Role-playing games are a very specialized type of game that really require more attention to detail than other less immersive genres. As the computerized version of the genre took off, many money-hungry companies decided to jump into the genre without really trying to understand what the vital elements of a role-playing game are. In some cases, these companies actually had the audacity to buy out smaller companies that knew the genre and destroyed the long-standing legacy of great traditional games.
Considering that this may impact the future of computer role-playing games afk arena tier list, I thought it was important to educate these gaming giants to help them understand the one thing that matters to them. In order to sell role playing games you need an audience willing to buy the product and if a company constantly offers dodgy shooters under the guise of role playing games they will only destroy their reputation and go out of business. I know that the word bankruptcy is a word that these money-hungry companies recognize and so I stress one point, try to sell dodgy shooters to RPG fans and you will go broke!
Personally, I’ve been an RPG gamer for about 30 years and have only fallen in love with two systems that I probably can’t name due to article writing guidelines. What I can say is that very few game companies have come close to pen and paper versions of the best RPGs on the market, you know, the ones that people really like to play. I will say that I rejoiced when roleplaying games became computerized because it meant that I could do my roleplaying without needing to search for people with similar tastes and even though some games became great roleplaying games, they are unfortunately rare. On that note, among role-playing styles that include pen and paper,
Alright, what are the elements of a great role-playing game then? I’ll give you one at a time, but the most important tip to keep in mind throughout this discussion is immersion. To be a truly great role-playing game, it needs to grab the players’ attention and not offer diversions that allow the player to fall back into real-world reality. The player must be maintained in the fictional world so that he has the feeling of having lived a great role-playing game.
One of the most vital elements of immersion is a storyline; a truly believable yet gripping story. A roleplayer doesn’t want to load up the newest game and discover to their dismay that the storyline consists of the flimsy idea that they have to kill loads of things to gain enough experience to kill the apparent villain. Who wants to play a game where the bad guy is called the bad guy for no good reason? Have you played a game where you are part of one group of people and you have been chosen to defeat the other group of people, but there is no real evidence that shows why the other group is bad? The worst of them are the recent rogue games where a criminal organization wants to defeat another criminal organization and you are the hitman. Who is really so stupid to fall into the trap of such a terrible story? It’s definitely not for smart roleplayers.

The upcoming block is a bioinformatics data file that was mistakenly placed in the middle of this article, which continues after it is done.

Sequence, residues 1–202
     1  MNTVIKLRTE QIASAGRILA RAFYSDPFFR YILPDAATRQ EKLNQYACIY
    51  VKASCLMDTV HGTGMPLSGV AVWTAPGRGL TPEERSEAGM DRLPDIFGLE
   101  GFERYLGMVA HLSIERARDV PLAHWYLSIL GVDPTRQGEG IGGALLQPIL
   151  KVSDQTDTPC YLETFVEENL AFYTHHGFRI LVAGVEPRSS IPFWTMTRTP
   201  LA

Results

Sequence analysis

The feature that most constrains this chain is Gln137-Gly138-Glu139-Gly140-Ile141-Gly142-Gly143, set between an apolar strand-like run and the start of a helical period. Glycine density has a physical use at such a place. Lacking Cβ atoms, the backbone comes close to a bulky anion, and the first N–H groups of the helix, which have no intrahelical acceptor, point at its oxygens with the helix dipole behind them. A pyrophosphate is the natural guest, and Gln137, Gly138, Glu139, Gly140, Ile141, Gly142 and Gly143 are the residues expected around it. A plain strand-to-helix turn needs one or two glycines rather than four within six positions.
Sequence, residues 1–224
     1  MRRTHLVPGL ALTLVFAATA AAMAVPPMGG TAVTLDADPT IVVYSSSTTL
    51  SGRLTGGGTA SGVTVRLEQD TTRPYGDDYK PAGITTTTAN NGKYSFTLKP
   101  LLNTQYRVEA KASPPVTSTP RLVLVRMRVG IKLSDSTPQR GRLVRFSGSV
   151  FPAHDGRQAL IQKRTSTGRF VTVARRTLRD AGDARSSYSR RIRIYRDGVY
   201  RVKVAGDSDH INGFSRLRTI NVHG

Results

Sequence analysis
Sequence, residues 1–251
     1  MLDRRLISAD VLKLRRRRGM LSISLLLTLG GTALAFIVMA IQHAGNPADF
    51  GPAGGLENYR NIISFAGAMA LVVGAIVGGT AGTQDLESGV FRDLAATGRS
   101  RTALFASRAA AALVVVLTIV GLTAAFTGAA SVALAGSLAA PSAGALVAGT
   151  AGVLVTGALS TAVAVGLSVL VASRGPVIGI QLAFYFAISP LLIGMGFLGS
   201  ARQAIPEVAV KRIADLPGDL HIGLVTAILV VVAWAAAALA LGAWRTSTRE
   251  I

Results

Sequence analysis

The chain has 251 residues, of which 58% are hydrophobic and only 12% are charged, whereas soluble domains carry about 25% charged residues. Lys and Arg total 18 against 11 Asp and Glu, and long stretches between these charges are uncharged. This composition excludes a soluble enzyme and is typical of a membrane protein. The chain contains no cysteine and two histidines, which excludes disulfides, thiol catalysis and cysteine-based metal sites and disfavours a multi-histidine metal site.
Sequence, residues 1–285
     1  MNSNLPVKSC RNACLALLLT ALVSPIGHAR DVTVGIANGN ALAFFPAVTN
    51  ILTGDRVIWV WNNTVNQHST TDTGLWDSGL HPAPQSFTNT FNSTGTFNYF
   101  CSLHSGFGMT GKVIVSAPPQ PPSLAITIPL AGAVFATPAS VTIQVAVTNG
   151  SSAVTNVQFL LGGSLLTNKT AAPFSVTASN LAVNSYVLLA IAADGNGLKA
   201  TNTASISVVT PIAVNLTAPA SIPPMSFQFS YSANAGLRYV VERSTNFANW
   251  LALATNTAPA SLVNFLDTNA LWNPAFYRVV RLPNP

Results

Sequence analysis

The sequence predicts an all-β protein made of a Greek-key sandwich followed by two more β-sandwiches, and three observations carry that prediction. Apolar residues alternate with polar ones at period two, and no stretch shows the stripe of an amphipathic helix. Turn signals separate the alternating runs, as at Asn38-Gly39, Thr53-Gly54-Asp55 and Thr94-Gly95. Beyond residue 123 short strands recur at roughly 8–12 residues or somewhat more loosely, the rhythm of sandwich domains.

A good script can’t be a superficial excuse for a war and it has to be something you want to be a part of. The storyline should also be included in the gameplay itself and delivered in a way that also doesn’t interrupt the reality of the gameplay. There’s nothing worse than a big cutscene that drops mid-game and leaves you idle for more than a minute or two. For RPG players, the immersion of the game comes from being the character, not watching cutscenes as if you were watching TV. What’s next… commercials?
Another part of a great gaming experience is being aware that you’ve been part of the fictional world since birth. This translates into knowing where things stand in the world and knowing who the current leaders are, as well as knowing current events. This can be done smartly by providing snippets of information in a natural way during conversations with non-player characters. Some extremely vital information can be revealed in otherwise meaningless jokes, just like in the world you are immersed in right now.
One thing that will pull a roleplayer out of a game is a sudden, unwanted conversation with a hastily introduced character that explains where the next local town is and that you need to be careful because there’s a war or something. of the kind. This is only done in games where maps are updated as you discover places of interest.